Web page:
GCC executive officer Greg Price is gone resigned in shame, former chairman Michael Copeland Griffiths had to go after failing to win a vote of confidence. Margaret Coats is hanging on by her finger tips her days as Registrar and Chief Executive of the GCC are numbered. No doubt like Fred “The Shred” Goodwin she will get her golden hand shake and pension for bringing the chiropractic profession to its knees, with a little help from the sceptics.
Ten years from now no one will remember Margaret Coats or Andy Lewis, they will remember Stan and patients chiropractors have helped will remember them. Let the Phoenix rise from the ashes.
Painkiller ban ‘has cut suicides’ BBC NEWS
Co-proxamol is linked to fatal overdoses
The controversial withdrawal of a common painkiller has dramatically cut suicides, say researchers.
A gradual phase-out of co-proxamol led to 350 fewer suicides and accidental deaths in England and Wales, a study in the British Medical Journal reports.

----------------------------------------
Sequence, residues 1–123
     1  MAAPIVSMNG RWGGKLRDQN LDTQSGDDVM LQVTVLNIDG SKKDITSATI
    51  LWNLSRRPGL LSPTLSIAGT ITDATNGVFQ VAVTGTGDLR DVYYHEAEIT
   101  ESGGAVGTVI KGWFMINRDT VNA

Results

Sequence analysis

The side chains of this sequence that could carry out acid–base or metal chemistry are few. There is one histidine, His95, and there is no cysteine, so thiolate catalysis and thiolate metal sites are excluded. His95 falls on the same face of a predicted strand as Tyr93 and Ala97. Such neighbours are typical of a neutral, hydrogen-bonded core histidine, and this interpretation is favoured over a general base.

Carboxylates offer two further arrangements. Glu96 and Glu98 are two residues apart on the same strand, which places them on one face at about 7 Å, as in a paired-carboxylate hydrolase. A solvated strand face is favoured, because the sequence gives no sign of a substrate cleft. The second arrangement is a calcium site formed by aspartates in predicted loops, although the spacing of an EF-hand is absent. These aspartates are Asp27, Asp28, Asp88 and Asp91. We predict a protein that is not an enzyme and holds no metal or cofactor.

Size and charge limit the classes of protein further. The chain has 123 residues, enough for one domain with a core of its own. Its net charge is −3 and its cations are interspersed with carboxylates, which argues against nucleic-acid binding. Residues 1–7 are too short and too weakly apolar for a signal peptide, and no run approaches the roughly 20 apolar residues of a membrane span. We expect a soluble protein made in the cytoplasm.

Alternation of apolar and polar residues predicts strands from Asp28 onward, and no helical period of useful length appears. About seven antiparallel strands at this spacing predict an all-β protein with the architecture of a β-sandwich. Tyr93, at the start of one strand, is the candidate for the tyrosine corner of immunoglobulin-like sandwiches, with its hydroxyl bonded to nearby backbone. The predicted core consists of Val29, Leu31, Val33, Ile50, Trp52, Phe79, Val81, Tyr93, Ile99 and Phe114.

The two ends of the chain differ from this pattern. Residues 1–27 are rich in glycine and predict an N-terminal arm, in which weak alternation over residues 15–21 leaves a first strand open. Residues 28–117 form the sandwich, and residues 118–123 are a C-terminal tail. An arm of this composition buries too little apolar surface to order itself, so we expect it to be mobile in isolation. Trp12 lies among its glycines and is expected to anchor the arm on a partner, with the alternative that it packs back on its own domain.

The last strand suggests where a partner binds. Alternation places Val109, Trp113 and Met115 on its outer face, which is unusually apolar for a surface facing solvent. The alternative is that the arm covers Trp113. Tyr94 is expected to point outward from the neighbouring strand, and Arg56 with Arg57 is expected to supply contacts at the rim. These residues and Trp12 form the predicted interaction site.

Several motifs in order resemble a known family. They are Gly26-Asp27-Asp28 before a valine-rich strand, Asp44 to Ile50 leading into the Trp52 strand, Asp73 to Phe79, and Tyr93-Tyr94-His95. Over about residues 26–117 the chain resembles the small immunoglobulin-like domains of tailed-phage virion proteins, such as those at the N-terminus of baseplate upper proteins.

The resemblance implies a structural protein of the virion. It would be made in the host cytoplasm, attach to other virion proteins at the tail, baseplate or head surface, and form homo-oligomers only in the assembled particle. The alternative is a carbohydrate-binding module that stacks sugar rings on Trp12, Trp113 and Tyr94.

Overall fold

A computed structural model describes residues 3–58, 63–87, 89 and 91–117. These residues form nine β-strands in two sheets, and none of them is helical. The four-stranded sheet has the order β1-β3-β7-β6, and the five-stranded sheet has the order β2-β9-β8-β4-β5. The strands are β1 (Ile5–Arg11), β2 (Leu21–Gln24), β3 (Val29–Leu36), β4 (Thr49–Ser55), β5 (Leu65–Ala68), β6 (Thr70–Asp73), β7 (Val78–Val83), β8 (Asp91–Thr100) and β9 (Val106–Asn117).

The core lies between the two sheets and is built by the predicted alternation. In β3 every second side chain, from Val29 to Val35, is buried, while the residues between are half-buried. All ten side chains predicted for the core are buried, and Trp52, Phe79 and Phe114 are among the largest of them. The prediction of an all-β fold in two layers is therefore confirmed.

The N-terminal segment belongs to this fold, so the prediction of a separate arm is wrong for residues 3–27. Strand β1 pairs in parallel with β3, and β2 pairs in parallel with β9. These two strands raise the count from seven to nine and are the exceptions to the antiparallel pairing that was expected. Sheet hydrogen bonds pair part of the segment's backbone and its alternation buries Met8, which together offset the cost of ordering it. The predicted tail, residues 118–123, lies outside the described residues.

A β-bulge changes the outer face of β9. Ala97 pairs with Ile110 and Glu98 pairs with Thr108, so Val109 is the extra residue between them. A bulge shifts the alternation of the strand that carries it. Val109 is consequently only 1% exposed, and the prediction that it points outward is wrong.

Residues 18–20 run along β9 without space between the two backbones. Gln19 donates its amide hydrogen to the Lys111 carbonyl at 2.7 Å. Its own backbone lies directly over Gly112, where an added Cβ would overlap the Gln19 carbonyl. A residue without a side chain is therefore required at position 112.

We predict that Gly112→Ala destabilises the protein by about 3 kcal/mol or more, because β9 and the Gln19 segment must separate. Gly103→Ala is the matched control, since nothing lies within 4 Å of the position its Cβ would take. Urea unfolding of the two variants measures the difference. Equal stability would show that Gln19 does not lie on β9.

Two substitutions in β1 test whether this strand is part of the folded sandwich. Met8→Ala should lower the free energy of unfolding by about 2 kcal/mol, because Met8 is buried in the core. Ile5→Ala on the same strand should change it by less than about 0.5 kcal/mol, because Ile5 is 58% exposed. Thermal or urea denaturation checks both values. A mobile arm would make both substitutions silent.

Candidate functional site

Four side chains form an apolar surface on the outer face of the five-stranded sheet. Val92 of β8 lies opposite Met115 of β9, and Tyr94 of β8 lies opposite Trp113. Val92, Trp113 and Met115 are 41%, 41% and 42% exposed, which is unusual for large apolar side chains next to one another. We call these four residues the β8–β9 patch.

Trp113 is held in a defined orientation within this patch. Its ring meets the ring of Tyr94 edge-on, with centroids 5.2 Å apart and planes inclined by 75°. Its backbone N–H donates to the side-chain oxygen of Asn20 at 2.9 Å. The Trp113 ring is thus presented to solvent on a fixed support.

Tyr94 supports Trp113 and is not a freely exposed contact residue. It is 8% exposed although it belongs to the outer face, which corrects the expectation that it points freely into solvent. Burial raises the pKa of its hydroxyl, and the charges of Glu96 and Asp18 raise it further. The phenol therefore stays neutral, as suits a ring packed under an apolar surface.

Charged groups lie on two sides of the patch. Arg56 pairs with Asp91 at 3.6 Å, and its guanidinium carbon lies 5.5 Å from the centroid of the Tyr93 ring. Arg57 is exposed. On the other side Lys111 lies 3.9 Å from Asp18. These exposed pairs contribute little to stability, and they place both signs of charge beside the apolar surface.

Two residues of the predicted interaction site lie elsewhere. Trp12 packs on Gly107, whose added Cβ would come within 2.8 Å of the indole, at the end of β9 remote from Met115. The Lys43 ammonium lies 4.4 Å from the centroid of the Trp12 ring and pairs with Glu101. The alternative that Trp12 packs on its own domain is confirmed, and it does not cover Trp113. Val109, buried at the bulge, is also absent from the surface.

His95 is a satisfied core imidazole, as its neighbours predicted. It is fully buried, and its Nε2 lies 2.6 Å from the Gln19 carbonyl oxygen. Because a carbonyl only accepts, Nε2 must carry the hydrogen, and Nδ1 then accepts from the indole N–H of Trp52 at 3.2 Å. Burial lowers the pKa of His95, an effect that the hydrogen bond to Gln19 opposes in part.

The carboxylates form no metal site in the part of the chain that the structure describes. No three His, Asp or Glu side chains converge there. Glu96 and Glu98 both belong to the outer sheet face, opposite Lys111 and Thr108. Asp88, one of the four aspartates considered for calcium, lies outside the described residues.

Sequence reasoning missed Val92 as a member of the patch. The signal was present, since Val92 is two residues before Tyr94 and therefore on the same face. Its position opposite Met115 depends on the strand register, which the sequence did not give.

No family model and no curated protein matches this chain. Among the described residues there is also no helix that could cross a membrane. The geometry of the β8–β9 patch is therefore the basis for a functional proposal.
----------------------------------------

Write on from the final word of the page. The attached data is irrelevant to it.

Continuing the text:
Regulators removed the drug’s licence in 2007 after fears about the risk of overdose but the move proved unpopular with some patients and doctors.
Arthritis Care says some patients now struggle to control their pain.
The Medicines and Healthcare Products Regulatory Agency announced the withdrawal in 2005.
There is no robust evidence that co-proxamol offers any advantage over paracetamol or ibuprofen at normal doses
GPs were encouraged to move patients to other painkillers before the drug’s licence was revoked in 2007.
After that time doctors could prescribe the drug on a "named patient basis" for those who could not manage their pain with alternatives but as it is unlicensed they did so at their own risk.
Study leader Professor Keith Hawton, director of the Centre for Suicide Research at Oxford University, said before the restrictions co-proxamol was responsible for a fifth of all drug-related suicides.